Soup bowl

Life Unfurling

By Ellen Lewis


Chicken Soup

The bank is steep, cold and wet. Her little hands and knees have scraped against the gravel, and there is blood seeping into the blue of her pyjama bottoms. She looks up at me, her eyes wide and shiny with tears. I kneel by her side and carefully pluck the leaves from her hair before scooping her up and carrying her across the stone steps. I cradle her head against my chest and feel the heat of her breath as it tickles the nape of my neck. Slowly, we trek up the hill towards home.


At home, she perks up a little.

There is soup on the stove, and the dog greets us at the front door. I dab at her grazed knees with a hot cloth, gentler than the way my mother did for me. The dog licks her fingers and nuzzles her furry head into the soft flannel of her little shirt.

I wipe carrot off her chin, and her brown eyes glow while she grins up at me. We sit together at the kitchen table, me and my pint-sized companion, a little life unfurling on this square of earth I call home.


In the evenings, I pick her up from creche and listen while she chatters away in the back seat. Outside, the sky is purple and gold, and the people on the street shimmer, then melt in the twilight haze. She points to the things that excite her; an Elvis impersonator waiting at a tram stop, a fat golden Labrador tied up outside a supermarket, a blossoming Wisteria vine creeping up the side of a Fitzroy terrace. Sounding out the words she sees on the billboards as the roads carry us home. M-A-G-I-C. Magic.


At home, I put another pot of chicken soup on the stove and watch while she intently colours in the book her grandmother bought her for Christmas. As her brow furrows, furiously blunting the ends of her crayons, I wonder at her verve, that sense of vitality my mother made sure to dull in me. I make a mental note never to tell her to be quiet.


Eventually, I watch as she toddles off toward the gates of her very first school. The red suede runners I bought her the week before look funny with the green check pinafore that hangs loose on her tiny frame.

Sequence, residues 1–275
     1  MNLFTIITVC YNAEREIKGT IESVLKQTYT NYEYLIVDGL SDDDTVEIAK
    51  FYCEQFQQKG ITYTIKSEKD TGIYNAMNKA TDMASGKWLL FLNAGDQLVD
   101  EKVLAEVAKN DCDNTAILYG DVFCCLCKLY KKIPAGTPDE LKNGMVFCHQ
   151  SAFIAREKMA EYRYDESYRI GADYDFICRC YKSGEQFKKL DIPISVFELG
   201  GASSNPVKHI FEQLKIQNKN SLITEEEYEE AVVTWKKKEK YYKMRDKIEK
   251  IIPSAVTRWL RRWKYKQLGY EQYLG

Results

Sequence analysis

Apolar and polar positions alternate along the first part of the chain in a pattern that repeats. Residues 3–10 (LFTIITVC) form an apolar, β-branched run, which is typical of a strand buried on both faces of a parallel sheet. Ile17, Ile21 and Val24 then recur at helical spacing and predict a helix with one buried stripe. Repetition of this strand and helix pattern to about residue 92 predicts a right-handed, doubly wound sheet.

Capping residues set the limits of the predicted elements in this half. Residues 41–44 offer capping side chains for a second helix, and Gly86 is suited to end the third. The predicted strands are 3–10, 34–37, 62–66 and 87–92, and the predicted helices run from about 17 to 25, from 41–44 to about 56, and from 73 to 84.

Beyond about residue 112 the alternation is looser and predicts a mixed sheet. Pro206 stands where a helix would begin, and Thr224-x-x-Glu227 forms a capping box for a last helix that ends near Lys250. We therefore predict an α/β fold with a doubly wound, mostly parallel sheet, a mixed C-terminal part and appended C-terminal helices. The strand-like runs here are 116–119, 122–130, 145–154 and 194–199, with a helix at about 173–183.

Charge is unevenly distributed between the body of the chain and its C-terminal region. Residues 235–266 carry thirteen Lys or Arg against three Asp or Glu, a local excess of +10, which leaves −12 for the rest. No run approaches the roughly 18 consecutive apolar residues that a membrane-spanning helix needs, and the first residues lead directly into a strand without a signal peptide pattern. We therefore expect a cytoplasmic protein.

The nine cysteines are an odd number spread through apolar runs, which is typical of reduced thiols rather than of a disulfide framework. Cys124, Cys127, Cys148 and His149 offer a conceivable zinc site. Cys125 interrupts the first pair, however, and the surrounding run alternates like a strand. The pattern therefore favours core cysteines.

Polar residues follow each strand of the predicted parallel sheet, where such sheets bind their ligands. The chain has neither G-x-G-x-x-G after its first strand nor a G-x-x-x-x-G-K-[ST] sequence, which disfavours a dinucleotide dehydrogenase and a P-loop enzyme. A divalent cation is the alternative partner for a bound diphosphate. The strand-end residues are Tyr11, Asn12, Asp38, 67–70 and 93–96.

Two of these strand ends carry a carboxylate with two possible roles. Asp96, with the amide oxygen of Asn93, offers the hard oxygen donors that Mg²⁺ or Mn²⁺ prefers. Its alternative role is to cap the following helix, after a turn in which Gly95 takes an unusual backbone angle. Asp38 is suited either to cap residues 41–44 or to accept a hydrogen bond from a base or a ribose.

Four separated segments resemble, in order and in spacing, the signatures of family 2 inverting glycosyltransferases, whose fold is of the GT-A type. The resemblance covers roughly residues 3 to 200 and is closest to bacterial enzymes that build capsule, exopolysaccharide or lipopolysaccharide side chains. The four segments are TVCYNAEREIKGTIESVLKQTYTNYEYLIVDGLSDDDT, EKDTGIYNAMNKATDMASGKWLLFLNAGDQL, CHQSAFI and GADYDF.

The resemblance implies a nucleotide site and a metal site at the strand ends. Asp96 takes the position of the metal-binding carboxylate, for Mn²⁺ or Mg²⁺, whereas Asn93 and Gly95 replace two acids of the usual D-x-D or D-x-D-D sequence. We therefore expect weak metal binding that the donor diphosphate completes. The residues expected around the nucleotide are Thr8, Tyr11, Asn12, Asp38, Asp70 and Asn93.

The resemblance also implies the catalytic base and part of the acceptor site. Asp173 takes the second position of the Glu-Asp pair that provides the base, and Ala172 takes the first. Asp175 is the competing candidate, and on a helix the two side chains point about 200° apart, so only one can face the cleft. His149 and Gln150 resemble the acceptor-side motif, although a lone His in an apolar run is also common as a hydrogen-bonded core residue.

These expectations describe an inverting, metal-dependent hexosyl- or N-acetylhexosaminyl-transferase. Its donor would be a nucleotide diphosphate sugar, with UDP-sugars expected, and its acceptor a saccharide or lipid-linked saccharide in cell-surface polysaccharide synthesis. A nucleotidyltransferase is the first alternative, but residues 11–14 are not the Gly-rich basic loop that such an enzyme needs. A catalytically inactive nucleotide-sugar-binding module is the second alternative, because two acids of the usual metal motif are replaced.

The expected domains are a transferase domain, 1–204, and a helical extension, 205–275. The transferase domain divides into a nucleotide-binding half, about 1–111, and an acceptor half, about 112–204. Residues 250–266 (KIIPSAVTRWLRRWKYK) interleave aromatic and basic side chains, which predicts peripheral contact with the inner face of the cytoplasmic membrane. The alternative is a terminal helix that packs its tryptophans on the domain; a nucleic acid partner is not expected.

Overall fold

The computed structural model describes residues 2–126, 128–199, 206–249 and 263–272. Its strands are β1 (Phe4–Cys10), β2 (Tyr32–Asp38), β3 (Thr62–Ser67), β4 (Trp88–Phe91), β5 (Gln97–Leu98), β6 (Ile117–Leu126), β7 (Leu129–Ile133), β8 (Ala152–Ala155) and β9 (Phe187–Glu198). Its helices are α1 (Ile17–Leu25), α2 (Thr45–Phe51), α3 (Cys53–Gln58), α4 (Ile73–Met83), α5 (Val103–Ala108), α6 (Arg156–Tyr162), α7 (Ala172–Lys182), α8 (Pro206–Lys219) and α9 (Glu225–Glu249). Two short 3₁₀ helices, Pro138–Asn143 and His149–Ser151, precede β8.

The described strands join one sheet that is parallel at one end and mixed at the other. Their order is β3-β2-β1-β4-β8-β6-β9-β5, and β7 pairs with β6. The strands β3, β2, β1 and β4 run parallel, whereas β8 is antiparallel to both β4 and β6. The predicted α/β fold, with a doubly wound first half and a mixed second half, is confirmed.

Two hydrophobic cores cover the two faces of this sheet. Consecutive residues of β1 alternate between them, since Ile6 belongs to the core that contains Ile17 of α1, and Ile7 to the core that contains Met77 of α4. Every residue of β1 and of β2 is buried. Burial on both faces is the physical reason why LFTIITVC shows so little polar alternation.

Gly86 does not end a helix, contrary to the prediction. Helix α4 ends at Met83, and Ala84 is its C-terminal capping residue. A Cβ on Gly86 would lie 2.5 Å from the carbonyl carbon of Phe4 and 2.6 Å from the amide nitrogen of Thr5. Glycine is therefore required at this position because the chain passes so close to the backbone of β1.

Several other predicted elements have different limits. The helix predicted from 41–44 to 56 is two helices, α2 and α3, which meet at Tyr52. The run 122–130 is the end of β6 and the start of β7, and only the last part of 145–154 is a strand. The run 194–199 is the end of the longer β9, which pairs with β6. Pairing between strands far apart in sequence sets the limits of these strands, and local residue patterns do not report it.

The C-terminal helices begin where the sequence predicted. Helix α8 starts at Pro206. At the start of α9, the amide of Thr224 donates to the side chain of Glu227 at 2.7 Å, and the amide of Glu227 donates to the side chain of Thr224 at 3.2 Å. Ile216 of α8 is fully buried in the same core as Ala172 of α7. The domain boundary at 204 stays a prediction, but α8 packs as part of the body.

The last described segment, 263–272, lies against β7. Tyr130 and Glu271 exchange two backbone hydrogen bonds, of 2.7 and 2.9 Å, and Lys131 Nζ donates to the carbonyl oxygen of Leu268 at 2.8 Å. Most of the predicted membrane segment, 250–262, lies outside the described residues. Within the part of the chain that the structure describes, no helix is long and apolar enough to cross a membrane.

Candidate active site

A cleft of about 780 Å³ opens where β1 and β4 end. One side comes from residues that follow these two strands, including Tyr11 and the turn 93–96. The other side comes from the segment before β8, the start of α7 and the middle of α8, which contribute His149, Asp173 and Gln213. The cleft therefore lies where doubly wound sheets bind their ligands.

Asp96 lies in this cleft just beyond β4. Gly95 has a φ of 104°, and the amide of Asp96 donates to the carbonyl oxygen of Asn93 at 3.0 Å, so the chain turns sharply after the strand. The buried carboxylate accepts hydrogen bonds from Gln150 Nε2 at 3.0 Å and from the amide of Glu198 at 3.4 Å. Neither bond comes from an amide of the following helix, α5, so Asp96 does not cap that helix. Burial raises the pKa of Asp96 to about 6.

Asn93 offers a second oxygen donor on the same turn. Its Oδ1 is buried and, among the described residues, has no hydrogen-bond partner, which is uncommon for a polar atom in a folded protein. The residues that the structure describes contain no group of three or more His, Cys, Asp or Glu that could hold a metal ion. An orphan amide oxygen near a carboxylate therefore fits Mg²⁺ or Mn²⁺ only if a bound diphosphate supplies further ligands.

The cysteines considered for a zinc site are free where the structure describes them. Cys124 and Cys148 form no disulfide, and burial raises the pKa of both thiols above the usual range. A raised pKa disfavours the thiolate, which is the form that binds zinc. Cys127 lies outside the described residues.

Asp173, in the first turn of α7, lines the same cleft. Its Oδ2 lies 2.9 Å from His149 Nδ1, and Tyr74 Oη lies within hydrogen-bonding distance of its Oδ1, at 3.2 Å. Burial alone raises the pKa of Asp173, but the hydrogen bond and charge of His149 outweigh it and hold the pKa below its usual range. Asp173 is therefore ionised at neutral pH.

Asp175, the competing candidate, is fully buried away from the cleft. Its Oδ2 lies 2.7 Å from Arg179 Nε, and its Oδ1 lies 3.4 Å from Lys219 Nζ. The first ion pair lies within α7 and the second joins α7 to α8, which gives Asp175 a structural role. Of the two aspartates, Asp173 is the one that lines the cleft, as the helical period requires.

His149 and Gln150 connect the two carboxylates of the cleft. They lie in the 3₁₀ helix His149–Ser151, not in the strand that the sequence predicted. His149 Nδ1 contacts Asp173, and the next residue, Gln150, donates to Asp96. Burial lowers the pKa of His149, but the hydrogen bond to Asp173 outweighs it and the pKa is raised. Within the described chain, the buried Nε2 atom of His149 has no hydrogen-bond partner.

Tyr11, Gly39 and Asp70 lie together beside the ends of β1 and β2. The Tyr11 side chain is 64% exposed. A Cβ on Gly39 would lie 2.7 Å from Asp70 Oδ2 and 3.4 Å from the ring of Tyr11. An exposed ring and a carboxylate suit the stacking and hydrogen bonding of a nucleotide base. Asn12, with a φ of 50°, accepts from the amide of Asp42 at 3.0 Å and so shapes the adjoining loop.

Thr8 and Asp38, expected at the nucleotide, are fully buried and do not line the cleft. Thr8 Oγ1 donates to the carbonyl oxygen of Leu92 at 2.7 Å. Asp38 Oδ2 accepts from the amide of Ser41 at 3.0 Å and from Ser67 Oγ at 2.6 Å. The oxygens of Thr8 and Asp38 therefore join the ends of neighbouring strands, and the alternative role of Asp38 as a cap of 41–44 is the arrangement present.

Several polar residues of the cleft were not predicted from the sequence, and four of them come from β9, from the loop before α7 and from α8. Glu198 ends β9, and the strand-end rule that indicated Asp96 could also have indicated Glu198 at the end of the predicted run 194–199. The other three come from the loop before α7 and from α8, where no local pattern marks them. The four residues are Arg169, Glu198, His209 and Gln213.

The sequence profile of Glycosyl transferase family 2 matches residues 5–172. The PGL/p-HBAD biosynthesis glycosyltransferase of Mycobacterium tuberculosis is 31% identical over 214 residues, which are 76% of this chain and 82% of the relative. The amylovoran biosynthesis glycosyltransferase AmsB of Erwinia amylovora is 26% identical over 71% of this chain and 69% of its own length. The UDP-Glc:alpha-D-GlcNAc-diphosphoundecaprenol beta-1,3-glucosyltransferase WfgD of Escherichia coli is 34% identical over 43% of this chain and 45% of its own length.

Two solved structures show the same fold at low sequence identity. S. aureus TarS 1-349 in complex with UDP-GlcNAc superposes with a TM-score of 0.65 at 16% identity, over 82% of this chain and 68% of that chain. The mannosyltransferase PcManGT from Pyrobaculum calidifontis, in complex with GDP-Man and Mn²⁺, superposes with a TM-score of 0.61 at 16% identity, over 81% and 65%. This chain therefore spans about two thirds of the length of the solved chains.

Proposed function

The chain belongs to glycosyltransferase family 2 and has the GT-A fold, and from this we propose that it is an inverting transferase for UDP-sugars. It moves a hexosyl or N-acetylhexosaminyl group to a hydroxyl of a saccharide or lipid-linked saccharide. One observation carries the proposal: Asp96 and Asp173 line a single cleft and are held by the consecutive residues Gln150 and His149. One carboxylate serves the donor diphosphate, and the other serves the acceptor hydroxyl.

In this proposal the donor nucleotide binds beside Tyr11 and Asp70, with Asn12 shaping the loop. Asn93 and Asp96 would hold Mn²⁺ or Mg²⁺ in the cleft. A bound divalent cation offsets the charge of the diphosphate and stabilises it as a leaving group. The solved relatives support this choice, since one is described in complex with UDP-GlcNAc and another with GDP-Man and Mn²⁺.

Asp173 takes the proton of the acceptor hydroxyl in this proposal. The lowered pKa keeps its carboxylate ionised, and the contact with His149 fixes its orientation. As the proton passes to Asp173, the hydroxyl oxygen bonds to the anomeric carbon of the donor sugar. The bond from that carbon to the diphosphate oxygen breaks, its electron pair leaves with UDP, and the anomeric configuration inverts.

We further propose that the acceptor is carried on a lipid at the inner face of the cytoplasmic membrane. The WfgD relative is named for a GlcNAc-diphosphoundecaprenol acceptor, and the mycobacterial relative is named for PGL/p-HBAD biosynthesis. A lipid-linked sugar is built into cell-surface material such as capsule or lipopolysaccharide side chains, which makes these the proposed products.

The teacher smiles at me and ushers her inside the classroom. I watch through the doorway while she hangs her bag on a hook and disappears into a milieu of nervous classmates.

The sheen of a morning sun shower covers the roads while I climb into the quiet of the car. Wet streaks stain my cheek, like the glistening tyre marks that dry, crusty and sad onto the dirt of the unfinished driveway.


In the hallway, the dog greets me, as does the bittersweet smell of chicken soup.




Fluorescent Light

The elevator is still, the only assurance of its descent comes in the form of an occasional shudder and a clang. Down, down, down, down. The sound of her laboured breathing follows me out into the carpark, onto the train, and then home to my cold share house.


Morning. Her sheets are hard and crisp, and the skin hangs off her arms. A nurse tells me there are more fluids coming, then a doctor furrows his brow as he reads a chart. I hear the rattle of her breath in the shudder of the elevator when it once again carries me downward, toward the ground where I’m forced to smile at the receptionist.


The fluorescent tubes make the place look grey, like everyone is dying, even the doctors.

My skin looks sallow in the bathroom while I run the tap, waiting for the water to turn warm and comforting. Sweet soap masks the smell of mashed potato that lingers in the hallway at lunch.

The sound of the beeping wakes me up in the early evening, just as the nurse rounds the corner and gives me a look that tells me it’s time to go.


Her windows look out over the city. Cars, people, roads that stretch far and away into the haze of suburbia where lives are being lived as if the earth isn’t giving way beneath our very feet.

The man at the canteen asks if I want sauce. A strange question that I can’t seem to find the answer to. The nurse tells me she’s having a scan and will be back in half an hour. The sausage roll tastes dry without sauce.


Morning. She’s awake and talking. She says it’s Cousin Sammy’s birthday today. I say we should ask if there is more orange juice when the lunch people come around.